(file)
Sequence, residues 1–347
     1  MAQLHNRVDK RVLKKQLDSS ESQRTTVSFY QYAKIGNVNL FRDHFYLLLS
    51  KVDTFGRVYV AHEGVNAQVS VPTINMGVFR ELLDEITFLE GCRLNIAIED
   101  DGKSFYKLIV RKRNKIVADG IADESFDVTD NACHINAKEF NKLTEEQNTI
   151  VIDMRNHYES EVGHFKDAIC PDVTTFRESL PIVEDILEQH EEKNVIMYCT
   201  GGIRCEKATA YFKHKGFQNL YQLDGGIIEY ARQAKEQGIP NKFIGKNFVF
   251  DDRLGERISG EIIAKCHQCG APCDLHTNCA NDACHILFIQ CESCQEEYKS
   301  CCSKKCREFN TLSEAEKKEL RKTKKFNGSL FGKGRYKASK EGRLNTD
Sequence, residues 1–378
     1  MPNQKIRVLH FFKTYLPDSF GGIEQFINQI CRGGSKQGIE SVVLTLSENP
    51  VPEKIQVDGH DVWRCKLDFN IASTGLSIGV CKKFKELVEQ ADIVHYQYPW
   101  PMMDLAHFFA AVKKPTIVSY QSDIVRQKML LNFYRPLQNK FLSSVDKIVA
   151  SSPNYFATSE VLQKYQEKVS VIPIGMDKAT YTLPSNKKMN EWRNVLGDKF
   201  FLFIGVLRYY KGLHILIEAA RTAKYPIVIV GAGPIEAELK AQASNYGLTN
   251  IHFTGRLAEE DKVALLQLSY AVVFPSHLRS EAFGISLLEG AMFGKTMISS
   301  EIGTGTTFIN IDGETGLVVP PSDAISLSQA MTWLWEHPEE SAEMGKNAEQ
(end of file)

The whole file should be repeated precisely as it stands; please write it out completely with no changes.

Sequence, residues 1–347
     1  MAQLHNRVDK RVLKKQLDSS ESQRTTVSFY QYAKIGNVNL FRDHFYLLLS
    51  KVDTFGRVYV AHEGVNAQVS VPTINMGVFR ELLDEITFLE GCRLNIAIED
   101  DGKSFYKLIV RKRNKIVADG IADESFDVTD NACHINAKEF NKLTEEQNTI
   151  VIDMRNHYES EVGHFKDAIC PDVTTFRESL PIVEDILEQH EEKNVIMYCT
   201  GGIRCEKATA YFKHKGFQNL YQLDGGIIEY ARQAKEQGIP NKFIGKNFVF
   251  DDRLGERISG EIIAKCHQCG APCDLHTNCA NDACHILFIQ CESCQEEYKS
   301  CCSKKCREFN TLSEAEKKEL RKTKKFNGSL FGKGRYKASK EGRLNTD
Sequence, residues 1–378
     1  MPNQKIRVLH FFKTYLPDSF GGIEQFINQI CRGGSKQGIE SVVLTLSENP
    51  VPEKIQVDGH DVWRCKLDFN IASTGLSIGV CKKFKELVEQ ADIVHYQYPW
   101  PMMDLAHFFA AVKKPTIVSY QSDIVRQKML LNFYRPLQNK FLSSVDKIVA
   151  SSPNYFATSE VLQKYQEKVS VIPIGMDKAT YTLPSNKKMN EWRNVLGDKF
   201  FLFIGVLRYY KGLHILIEAA RTAKYPIVIV GAGPIEAELK AQASNYGLTN
   251  IHFTGRLAEE DKVALLQLSY AVVFPSHLRS EAFGISLLEG AMFGKTMISS
   301  EIGTGTTFIN IDGETGLVVP PSDAISLSQA MTWLWEHPEE SAEMGKNAEQ